A movie for every day of the year – a good one
Rio De Janeiro founded, 1565
On this day in 1565, the Brazilian city of Rio de Janeiro was founded. The city’s full name was decided as São Sebastião do Rio de Janeiro – in honour of the Portuguese king, Sebastian I, whose patron saint was also a Sebastian, and because it sat on the January River – so named because it had been discovered in 1 January 1502. After gold and diamonds were found in the area, Rio became a major centre of export and the Portuguese moved their Americas administrative centre there in 1763. It became important for a different reason when the Portuguese royal family and most of Lisbon’s nobles fled there in 1808, to avoid capture by Napoleon. Rio de Janeiro became, in fact, the official capital of Portugal for a while.
City of God (2002, dir: Fernando Meirelles, Kátia Lund)
Still looking astonishing, all these years after it first knocked the eyeballs out of anyone who saw it in 2002, City of God opens with a brilliant ground level shot of a chicken charging through the Cidade de Deus favela in Rio de Janeiro, the camera then somehow following this mess of squawking through narrow byways, on the way acquainting us with the film’s geographical territory in one of the most memorable establishing shots ever. It also sets the tone for the whole film, a rush of raw energy tracking life in the teeming favela through the story of Rocket, a gang member who we first meet as the chicken meets him. His life story is – in true Goodfellas style – of the young guy learning how to become part of a gang, pulling increasingly audacious strokes, earning his stripes. And yet none of this ever becomes bigtime or has any chance of doing so, because for denizens of the City of God, life revolves around the favela. The notable exception to this internal focus being the raid on a nearby motel organised by Li’l Dice, the friend of Rocket who is going to (barely) grow up to be one of the favela’s most feared gang leaders. And at the other end of the sociopath spectrum we have Upright Ned, a decent sort drawn into the life of the gang after his girlfriend is raped and his family murdered. None of these stories, nor the one of Rocket eventually becoming a photojournalist and escaping the favela, matter as much as the way that the picture is made. It’s a mass of colour and movement, whipcrack edits and bravura handheld camera designed to disorient and intoxicate. Both of which director Meirelles and cinematographer César Charlone achieve. Co-director Kátia Lund was in charge of schooling the actors, and you won’t find more naturalistic performances anywhere. Together Lund and Meirelles achieve something extraordinary: a story from the ghetto that is alive to the exotic difference of that world but doesn’t glamourise it. Yes, the colour palette Meirelles is working with – sunny, shocking yellow predominates – does tend to bathe everything in a gorgeous glow. But there’s no way you’d want to live in this place. Wait till you see the almost unbearable scene involving a group of small kids and a gun.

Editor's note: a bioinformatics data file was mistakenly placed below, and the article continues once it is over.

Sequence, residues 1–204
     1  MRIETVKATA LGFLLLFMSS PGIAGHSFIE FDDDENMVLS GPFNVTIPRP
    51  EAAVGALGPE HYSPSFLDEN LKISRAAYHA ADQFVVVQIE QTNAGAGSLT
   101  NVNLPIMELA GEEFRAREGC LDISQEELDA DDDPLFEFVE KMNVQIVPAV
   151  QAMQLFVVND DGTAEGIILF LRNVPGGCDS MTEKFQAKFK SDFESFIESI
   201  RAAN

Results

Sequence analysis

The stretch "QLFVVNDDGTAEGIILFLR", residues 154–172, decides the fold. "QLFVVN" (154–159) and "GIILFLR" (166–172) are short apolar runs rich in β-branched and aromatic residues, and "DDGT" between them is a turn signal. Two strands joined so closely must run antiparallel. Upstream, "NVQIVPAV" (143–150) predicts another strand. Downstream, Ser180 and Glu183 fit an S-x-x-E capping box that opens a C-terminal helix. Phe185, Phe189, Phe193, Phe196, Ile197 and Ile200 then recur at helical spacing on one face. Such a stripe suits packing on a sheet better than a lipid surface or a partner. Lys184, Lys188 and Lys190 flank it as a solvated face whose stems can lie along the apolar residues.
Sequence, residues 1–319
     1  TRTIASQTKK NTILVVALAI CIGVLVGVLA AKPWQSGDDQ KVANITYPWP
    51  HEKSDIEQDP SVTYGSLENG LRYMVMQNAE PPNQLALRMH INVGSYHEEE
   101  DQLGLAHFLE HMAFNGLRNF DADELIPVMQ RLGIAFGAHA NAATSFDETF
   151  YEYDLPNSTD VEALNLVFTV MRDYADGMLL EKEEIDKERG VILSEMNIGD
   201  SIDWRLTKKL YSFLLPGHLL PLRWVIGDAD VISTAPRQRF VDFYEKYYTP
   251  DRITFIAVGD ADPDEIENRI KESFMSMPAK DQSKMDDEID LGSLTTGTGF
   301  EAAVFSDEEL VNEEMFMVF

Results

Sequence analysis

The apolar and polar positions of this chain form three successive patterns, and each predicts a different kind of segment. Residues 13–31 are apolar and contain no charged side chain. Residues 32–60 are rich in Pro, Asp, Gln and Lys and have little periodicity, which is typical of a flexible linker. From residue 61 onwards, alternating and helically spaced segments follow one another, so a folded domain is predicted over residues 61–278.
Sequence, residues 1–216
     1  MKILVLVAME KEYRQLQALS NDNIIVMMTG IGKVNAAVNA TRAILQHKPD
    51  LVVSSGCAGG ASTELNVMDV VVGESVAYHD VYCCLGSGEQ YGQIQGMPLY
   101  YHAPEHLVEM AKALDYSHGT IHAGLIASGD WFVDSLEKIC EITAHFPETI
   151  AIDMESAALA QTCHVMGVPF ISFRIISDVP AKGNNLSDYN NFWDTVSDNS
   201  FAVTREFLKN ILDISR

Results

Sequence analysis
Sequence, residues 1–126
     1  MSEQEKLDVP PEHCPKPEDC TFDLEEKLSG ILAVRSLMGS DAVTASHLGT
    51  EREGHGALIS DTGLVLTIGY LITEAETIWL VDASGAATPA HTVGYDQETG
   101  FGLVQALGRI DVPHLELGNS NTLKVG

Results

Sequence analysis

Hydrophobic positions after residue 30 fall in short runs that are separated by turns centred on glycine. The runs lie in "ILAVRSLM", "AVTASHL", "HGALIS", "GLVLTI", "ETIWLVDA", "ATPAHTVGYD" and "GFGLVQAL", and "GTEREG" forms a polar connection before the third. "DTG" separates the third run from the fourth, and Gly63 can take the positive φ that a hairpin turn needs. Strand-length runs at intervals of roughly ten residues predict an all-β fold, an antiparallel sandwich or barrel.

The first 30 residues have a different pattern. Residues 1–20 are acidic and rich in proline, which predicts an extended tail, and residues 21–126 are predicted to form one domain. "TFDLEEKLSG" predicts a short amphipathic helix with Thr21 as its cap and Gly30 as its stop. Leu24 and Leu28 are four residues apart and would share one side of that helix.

- Based on the novel by Cidade de Deus resident Paulo Lins
- The best film by Meirelles
- César Charlone’s remarkable cinematography
- See what got critics, festival-goers and awards committees raving
© Steve Morrissey 2014